Friday, June 27, 2014

When Edward's Boy Came Over

By Scott Higginbotham

One cannot talk about the United States’ role in Second World War in a geographical vacuum, for this note in history is very much entwined in England’s not so distant history.  Many can still recall the fear when the Nazi war machine was in sight of the English coastline, the air raids, the loss, and an unknown future.

Donald Stanley Higginbotham served in the US Army's 29th Division, the Blue and Gray.  Growing up in McKeesport, PA he spent his days working in a steel mill. He turned out shell casings for the war effort during the week, followed by a weekend of playing snooker at the local pool hall and dipping Copenhagen Snuff.  

PFC Higginbotham - Photo by Scott Higginbotham
And then his number came up.  Lately, I have wondered which country he had fought for the most.  It’s an intriguing question concerning the fact that Edward’s boy came over to fight.  But for whom?

There is no whiff of treason here, for both countries were in lockstep.

He wrote letters to his widowed mother, his sister, and sometimes his older brother serving in the Merchant Marines.  He spoke of Sunny Devon, where he trained; I asked what the weather was like, and he said that it was quite rainy.  He had such a dry sense of English humor.  And from where did that derive?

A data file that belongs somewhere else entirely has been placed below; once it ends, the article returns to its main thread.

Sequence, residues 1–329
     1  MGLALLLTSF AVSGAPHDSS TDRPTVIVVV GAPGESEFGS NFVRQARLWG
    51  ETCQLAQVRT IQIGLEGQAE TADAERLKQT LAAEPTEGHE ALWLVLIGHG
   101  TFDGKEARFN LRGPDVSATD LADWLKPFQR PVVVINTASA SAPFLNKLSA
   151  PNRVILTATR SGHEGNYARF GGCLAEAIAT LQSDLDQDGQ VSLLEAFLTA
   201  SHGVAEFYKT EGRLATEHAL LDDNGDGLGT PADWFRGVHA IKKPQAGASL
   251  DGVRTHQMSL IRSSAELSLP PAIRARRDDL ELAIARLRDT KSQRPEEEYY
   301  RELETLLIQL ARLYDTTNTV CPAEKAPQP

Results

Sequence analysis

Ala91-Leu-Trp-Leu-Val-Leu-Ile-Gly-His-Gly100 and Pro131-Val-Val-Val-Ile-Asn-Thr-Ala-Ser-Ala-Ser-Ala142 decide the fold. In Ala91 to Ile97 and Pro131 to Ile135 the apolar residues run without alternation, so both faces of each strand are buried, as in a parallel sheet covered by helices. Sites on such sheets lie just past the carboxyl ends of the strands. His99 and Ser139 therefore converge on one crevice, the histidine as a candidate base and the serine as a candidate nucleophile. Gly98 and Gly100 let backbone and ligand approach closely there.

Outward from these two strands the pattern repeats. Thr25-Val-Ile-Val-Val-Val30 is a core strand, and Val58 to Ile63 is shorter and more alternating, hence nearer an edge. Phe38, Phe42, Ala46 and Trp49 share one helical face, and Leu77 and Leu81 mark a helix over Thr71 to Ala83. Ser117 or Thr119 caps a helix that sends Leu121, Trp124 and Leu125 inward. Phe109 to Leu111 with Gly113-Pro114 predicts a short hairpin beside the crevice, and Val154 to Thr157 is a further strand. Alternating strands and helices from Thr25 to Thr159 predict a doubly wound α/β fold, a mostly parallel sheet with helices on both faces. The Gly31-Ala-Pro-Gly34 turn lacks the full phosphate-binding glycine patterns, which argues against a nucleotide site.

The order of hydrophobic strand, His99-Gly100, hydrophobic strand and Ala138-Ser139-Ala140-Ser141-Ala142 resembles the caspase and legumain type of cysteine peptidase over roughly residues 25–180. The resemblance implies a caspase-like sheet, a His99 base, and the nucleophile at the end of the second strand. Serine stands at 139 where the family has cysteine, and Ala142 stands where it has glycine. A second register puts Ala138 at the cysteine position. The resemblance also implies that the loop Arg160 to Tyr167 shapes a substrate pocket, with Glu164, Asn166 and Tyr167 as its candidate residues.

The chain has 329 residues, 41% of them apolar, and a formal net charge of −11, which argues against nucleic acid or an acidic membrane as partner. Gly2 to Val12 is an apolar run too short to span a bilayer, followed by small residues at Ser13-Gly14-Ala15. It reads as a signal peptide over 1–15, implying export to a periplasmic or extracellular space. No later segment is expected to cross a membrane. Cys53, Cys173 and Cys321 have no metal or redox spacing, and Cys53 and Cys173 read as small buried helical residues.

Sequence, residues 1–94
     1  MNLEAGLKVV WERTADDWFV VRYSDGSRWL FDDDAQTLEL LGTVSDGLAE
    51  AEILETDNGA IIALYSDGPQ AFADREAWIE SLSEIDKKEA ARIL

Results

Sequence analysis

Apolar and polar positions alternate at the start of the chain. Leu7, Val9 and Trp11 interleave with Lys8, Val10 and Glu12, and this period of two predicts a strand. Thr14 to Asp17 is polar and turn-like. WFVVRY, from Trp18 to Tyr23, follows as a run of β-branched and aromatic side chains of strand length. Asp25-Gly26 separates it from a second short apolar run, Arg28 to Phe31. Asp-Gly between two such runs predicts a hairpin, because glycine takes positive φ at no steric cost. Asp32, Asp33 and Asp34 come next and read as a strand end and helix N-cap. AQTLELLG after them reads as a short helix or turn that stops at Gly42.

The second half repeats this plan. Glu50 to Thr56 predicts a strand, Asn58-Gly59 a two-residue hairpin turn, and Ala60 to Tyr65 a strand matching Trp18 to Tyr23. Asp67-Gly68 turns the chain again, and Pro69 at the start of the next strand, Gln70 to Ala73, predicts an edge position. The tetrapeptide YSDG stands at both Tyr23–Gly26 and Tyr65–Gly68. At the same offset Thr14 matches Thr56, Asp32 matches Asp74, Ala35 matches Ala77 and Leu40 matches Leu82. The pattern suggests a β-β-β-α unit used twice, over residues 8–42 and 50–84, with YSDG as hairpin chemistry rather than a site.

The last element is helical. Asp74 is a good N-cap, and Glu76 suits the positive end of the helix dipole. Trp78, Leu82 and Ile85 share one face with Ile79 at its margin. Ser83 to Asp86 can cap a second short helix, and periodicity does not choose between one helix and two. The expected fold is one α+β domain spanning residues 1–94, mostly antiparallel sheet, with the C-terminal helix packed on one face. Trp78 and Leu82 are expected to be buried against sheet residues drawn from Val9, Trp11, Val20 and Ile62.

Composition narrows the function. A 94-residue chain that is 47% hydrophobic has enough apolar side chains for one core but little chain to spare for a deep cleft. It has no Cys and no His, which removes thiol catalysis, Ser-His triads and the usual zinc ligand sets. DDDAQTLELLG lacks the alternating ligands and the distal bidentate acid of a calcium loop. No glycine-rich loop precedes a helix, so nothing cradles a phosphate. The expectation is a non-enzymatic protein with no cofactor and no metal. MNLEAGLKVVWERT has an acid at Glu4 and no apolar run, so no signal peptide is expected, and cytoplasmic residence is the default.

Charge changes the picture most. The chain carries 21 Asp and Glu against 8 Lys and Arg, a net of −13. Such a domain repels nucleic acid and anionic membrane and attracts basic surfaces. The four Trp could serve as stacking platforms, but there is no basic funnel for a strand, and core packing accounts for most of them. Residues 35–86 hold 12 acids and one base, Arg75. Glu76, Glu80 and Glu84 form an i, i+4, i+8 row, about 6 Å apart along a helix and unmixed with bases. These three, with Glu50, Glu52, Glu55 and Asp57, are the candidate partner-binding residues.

He enjoyed movies, so it was no small stretch for him to find himself at the theater.  He once mentioned that a young lady asked for a tip once he was seated.  I had found this odd, and perhaps a little forward on her part, but once he explained the desperation and the privations I began to see things more clearly.  He tipped her with nary a thought.

That was Edward’s boy.
Edward Higginbotham - by Scott Higginbotham

On February 20, 1944 he wrote the following to his sister Evelyn.  Reproduced word for word.

Dear Sis:
I received your letter this week and today is Sunday and I am going to drop you a few lines.  When I was on furlough I did not see Stanley Higginbotham but I seen Aunt Jane and her sister's husband and the two children Ted and Kathleen, they aren’t children, they are both grown ups and Ted is married and he stays at his Father’s home and Kathleen stays there also, she is not married.  Well Aunt Jane is pretty lively, but she will not tell anyone her age, she really treated me fine when I was there.  Well you can send me some more candy and movie magazines.  Well how is Eddie I guess he is enjoying self in the snow well I hope this finds you all in the best of health.
Your Brother
Don.
V-Mail by Scott Higginbotham


On May 31, 1944 the following form letter was sent home, very scant in the way of personal expressions.  It reads:
Dear Mother,
Effective immediately and until further notice please do not send any more mail to me at the address given below.  I will advise you promptly when mail should be resumed and will give you my proper address.  I cannot do so now for military reasons.
Your Son, Don

 
V-Mail by Scott Higginbotham

Within a week Edward’s boy would be wounded and lying in a shallow ditch in Normandy, after crawling through the surf, dodging German machine guns, and seeing things that twenty year old kids need not see.